Jessica Dubroff
American child pilot trainee
Jessica Dubroff
Jessica Whitney Dubroff was a seven-year-old pilot trainee who died attempting to become the youngest person to fly an airplane across the United States. Twenty-four hours into her quest, her Cessna 177B Cardinal single engine propeller aircraft, flown by her flight instructor, crashed after takeoff from Cheyenne Regional Airport in Cheyenne, Wyoming, killing all on board: Dubroff, her father, and her flight instructor.
Biography
Jessica Dubroff's personal information overview.
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News
News abour Jessica Dubroff from around the web
Fear factor - Chicago Tribune (blog)
Google News - almost 6 years
What else but vestigial disbelief that airplanes do not drop from the sky of their own weight could have inspired broadcasters to take such note of Jessica Dubroff's effort? You can follow this conversation by subscribing to the comment feed for this
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Google News article
Fast Forward; Legal Eagles
NYTimes - over 19 years
Jessica dubroff died 17 months ago as a very young passenger in the left seat of a Cessna airplane. The pilot, in the right seat, took off in a driving rainstorm, in the thin air of an unfamiliar high-altitude airport, with the fuel-air mixture improperly set and the plane carrying almost a hundred pounds over its certified weight limit. Without
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NYTimes article
Instructor Error Cited in Crash Of Plane Flown by 7-Year-Old
NYTimes - almost 20 years
A 7-year-old girl's effort to become the youngest person to pilot a plane across the United States ended in a fatal crash last April because the flight instructor aboard tried too hard to keep an overly ambitious schedule driven by ''media commitments,'' the National Transportation Safety Board concluded today. The 52-year-old instructor, Joe Reid,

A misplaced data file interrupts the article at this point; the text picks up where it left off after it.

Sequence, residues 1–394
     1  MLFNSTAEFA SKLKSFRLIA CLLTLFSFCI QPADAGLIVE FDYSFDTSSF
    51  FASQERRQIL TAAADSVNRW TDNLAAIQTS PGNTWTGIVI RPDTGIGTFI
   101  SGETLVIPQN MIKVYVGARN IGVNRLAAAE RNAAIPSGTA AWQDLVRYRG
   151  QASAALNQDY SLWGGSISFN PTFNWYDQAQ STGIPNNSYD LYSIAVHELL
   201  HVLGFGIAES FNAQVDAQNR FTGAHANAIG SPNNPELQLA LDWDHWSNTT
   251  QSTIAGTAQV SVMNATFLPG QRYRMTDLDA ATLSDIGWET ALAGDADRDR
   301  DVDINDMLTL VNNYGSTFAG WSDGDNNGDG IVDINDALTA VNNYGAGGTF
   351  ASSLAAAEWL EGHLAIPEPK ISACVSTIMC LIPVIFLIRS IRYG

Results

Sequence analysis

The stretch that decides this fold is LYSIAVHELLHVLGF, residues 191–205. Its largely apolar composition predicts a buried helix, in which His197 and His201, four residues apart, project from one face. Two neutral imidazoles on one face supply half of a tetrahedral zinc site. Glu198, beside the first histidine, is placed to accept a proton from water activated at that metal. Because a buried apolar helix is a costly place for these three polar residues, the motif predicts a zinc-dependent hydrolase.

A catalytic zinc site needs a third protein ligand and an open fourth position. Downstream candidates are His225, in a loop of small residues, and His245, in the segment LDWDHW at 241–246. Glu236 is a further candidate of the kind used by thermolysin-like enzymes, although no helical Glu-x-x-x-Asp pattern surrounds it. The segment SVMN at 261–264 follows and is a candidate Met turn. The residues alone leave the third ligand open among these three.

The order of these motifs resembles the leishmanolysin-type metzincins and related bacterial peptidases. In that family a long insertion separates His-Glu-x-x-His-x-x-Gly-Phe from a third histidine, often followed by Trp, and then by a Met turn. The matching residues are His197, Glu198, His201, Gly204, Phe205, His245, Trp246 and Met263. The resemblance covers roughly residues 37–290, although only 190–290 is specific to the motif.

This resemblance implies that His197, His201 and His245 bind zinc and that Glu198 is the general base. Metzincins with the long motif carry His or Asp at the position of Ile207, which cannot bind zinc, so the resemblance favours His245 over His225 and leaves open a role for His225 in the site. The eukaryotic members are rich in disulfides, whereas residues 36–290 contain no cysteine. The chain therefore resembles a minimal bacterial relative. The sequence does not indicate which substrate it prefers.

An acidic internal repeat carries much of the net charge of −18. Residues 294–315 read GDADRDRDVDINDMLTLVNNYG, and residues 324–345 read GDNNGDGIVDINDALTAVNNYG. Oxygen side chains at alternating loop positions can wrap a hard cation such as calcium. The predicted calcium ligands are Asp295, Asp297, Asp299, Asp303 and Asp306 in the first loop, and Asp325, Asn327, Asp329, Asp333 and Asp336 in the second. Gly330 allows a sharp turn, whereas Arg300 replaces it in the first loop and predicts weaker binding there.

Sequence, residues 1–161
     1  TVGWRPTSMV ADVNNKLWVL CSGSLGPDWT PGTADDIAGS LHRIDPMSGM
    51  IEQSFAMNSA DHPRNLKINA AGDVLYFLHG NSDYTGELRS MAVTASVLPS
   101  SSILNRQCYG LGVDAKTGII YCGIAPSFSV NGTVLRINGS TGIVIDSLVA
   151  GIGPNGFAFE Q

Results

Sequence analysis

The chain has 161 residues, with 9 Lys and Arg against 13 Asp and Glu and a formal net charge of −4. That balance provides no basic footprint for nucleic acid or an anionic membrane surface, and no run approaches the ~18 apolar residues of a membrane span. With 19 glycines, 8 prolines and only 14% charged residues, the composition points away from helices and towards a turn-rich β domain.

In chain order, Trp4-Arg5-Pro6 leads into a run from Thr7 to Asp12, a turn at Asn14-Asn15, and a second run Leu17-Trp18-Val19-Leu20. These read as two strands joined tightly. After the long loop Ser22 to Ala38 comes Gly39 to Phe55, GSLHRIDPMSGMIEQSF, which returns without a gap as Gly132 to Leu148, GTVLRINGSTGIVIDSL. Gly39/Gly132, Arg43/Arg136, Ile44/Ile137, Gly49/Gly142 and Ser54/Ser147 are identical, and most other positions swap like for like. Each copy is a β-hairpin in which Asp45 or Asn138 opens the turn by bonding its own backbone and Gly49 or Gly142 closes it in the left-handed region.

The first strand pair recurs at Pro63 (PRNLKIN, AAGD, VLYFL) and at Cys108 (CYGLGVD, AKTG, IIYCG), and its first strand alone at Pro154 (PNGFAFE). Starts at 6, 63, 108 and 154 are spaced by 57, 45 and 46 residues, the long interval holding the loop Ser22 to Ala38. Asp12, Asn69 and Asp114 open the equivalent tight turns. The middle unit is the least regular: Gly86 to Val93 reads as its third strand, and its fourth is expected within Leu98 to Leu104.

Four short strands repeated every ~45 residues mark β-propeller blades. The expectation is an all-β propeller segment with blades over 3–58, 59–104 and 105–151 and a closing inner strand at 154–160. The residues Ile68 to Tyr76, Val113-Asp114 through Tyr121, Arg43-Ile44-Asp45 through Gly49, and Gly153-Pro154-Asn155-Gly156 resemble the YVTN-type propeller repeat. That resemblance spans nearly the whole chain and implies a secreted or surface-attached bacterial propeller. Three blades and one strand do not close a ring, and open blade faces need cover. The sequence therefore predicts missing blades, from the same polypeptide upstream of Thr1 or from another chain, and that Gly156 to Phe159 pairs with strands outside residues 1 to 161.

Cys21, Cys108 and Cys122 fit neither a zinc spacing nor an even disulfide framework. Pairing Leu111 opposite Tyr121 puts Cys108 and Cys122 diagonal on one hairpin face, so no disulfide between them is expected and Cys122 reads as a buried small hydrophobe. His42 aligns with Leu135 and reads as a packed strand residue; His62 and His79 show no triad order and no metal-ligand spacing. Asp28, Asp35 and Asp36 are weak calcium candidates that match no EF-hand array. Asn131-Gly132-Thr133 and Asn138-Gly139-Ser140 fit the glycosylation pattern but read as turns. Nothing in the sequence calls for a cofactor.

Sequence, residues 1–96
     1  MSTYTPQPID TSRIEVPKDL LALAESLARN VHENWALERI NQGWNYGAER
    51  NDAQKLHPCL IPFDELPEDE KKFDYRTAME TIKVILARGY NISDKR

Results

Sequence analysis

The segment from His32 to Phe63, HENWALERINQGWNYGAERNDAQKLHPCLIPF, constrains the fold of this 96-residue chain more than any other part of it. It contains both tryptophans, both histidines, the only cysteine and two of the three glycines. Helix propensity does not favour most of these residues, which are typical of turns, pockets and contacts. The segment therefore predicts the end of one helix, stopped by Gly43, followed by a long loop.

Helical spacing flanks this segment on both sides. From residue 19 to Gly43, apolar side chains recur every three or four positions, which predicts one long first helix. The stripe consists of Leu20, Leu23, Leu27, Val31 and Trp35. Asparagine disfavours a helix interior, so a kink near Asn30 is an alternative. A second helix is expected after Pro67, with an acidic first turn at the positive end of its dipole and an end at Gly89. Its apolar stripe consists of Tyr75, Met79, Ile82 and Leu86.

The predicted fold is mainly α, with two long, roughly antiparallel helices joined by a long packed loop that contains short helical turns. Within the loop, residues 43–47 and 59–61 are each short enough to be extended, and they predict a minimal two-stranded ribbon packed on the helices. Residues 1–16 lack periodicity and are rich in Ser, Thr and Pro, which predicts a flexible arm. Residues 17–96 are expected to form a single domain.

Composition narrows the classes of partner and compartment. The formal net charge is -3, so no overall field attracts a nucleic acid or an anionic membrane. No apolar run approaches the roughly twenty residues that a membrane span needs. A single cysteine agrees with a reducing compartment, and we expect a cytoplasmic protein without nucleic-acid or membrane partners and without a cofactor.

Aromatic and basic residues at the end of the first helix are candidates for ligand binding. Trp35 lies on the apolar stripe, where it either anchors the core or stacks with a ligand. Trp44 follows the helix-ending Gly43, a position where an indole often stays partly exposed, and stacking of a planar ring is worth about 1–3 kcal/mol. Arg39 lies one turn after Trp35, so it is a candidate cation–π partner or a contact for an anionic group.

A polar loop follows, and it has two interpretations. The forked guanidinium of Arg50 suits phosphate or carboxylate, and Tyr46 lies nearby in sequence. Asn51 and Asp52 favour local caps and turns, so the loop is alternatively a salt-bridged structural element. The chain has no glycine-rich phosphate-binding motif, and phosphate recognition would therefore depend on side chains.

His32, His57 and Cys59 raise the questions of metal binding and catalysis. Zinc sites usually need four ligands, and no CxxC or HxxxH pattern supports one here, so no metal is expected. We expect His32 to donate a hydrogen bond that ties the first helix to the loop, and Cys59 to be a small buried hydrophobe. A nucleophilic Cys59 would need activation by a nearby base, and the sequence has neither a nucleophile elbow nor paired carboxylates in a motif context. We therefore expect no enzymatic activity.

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NYTimes article
Clinton Signs a Wide-Ranging Measure on Airport Security
NYTimes - over 20 years
In a move to increase air safety after the crash of TWA Flight 800, President Clinton today signed an aviation bill that includes a range of new baggage-scanning, passenger-screening and counter-terrorism measures as part of a program of stepped-up surveillance at airports. ''It will improve the security of air travel,'' Mr. Clinton said at a White
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NYTimes article
Departing F.A.A. Man: Expert Lacking Finesse
NYTimes - over 20 years
Soon after the crash of the single-engine plane that killed 7-year-old Jessica Dubroff on April 11, the calls poured into the Federal Aviation Administration. How could the agency let a child fly a plane? Agency officials turned to the same person they had relied on for years for quick answers to tough questions: Anthony J. Broderick, who has been
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NYTimes article
The Nation;Lessons of Flying in a Free Market
NYTimes - almost 21 years
HOURS after the Valujet crash last weekend, the airline's president and the Transportation Secretary closed ranks, guarding each other's backs from an onslaught of questions about the safety of Valujet and other airlines overseen by the Federal Aviation Administration. "The F.A.A. has been highly complimentary of the steps that we have taken," said
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NYTimes article
From an Airliner's Black Box, Next-to-Last Words
NYTimes - almost 21 years
FEW offices have as little privacy as an airliner cockpit, where a microphone picks up a pilot's every word, chuckle and yawn. A recorder, housed in a so-called black box, continually erases all but the last 30 minutes of conversation. It stops when the plane's power is off and, on much rarer occasions, in a crash. If the recorder is recovered, the
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NYTimes article
Observer;The Demon Success
NYTimes - almost 21 years
The death last week of Jessica Dubroff, the 7-year-old flier, produced a spate of un-American criticism of parents who push their children too hard too soon. This outburst resulted not from a sudden public onset of good sense, but only because of the melodramatic way Jessica died. After the fatal crash it suddenly became obvious, even to parents
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NYTimes article
Answer to Dubroff Tragedy Is Common Sense
NYTimes - almost 21 years
To the Editor: Everyone who has jumped on the bandwagon to criticize the "exploitation" of 7-year-old Jessica Dubroff should think about what they might have said had she been successful. ERIKA CRAVINHO Middletown, Conn., April 12, 1996
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NYTimes article
INSIDE
NYTimes - almost 21 years